Even with serious systemic problems the U.S. economy is definitely past its recession levels. Fourth quarter numbers are not released until late January but will certainly be positive meaning we have now had 6 quarters of economic growth following four quarters of negative growth. For 2010, GDP will likely average less than 3.0%, a low number at this stage of an economic recovery.
Companies are now hiring but the pace is not enough to make a significant dent in the numbers of the unemployed. With 14.5 million Americans officially unemployed and 25.6 million either unemployed or under-employed it could take four to five years for labor markets to normalize according to many experts. The official unemployment rate dropped significantly last month from 9.8% to 9.4%. This was due to increased private sector hiring and a smaller denominator because many people have dropped out of the labor force. The long-term unemployed (the percent of unemployed out of work for 27 weeks or longer) jumped from 42.2% in November to 44.3% in December. Unemployment has now been at 9% or higher for 20 months, the longest such stretch since WWII. Our economy is growing, just not fast enough to soak up the huge numbers of people looking for work.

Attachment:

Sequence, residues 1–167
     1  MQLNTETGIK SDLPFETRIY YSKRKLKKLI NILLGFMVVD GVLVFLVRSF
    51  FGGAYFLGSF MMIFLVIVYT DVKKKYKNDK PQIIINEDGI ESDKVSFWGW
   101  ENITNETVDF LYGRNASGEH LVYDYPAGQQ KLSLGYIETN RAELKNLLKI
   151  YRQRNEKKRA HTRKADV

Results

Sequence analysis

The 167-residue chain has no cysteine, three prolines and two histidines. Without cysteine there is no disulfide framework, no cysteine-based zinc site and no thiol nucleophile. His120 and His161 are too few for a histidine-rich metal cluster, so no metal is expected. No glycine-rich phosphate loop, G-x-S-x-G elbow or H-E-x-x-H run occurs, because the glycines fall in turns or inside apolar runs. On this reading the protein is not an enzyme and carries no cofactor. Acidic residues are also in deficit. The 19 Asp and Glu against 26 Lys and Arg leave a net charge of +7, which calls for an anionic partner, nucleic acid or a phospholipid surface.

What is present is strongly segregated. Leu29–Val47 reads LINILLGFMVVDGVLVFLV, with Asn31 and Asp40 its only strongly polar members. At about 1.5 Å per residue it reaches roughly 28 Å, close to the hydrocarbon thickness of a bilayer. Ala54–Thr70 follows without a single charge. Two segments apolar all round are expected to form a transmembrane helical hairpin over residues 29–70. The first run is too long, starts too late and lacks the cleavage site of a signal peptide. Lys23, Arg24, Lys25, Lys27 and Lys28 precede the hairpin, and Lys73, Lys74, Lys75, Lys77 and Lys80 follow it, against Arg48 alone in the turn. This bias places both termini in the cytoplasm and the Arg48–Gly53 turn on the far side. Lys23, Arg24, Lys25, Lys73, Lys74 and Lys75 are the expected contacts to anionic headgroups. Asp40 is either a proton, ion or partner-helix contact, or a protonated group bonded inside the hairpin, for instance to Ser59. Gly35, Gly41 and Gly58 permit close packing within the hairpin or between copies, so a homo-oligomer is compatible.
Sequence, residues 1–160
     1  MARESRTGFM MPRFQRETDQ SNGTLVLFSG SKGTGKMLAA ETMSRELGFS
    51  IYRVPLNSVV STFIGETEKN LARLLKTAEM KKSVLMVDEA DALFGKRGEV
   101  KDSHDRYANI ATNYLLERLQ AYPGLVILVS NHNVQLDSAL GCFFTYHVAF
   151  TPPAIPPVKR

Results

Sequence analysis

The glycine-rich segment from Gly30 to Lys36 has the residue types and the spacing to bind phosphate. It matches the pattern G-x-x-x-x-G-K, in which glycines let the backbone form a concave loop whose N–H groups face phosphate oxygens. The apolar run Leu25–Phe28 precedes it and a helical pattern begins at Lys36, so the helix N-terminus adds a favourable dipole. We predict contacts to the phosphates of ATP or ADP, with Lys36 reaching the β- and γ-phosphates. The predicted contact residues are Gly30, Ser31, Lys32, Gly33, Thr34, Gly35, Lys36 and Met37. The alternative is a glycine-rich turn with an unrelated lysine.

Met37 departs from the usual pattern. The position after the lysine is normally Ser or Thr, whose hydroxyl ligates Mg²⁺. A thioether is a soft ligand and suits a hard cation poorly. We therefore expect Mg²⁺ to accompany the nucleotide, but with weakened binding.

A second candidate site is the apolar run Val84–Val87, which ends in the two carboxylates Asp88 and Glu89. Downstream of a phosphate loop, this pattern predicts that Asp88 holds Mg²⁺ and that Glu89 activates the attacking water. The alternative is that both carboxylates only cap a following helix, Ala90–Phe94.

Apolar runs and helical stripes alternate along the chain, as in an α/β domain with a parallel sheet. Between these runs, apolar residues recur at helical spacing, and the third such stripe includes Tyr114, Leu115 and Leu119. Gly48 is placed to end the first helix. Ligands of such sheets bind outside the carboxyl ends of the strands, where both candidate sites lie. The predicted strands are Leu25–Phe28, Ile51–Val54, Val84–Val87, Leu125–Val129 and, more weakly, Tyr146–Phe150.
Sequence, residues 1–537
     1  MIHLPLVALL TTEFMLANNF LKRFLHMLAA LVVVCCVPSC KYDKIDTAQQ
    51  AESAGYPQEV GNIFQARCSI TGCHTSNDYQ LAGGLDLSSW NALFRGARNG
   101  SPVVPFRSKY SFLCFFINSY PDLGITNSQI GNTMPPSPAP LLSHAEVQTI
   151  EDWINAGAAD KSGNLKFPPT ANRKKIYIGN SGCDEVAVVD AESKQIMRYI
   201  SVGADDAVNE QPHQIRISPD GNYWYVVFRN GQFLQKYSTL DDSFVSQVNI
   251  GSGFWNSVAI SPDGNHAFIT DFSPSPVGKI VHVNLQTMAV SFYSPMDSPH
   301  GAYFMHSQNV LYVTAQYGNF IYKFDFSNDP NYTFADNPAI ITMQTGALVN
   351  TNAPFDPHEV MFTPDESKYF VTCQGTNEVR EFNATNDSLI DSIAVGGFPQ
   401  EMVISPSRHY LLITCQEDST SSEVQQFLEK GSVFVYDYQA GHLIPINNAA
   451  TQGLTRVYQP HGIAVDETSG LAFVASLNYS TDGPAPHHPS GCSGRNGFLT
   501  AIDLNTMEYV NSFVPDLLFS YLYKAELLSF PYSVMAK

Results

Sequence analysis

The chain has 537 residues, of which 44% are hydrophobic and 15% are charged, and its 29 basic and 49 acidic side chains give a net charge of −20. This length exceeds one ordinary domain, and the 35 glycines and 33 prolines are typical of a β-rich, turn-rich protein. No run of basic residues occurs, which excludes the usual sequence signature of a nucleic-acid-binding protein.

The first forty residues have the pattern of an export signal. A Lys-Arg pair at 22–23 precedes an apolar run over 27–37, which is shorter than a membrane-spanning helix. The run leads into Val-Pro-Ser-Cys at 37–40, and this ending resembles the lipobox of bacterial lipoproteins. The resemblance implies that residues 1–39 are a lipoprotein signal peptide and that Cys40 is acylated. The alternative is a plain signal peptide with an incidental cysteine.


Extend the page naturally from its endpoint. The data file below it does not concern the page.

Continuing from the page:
The consumer has been spending as evidenced by a 5.5% jump in holiday sales, the best such performance since 2005. Since consumer spending comprises 70% of our GDP, consumer activity and sentiment is vitally important. Additionally, the manufacturing sector is still growing. The ISM survey was 57.0 in December compared to 56.6 in November and 56.9 in October. Anything above 50 is considered expansionary.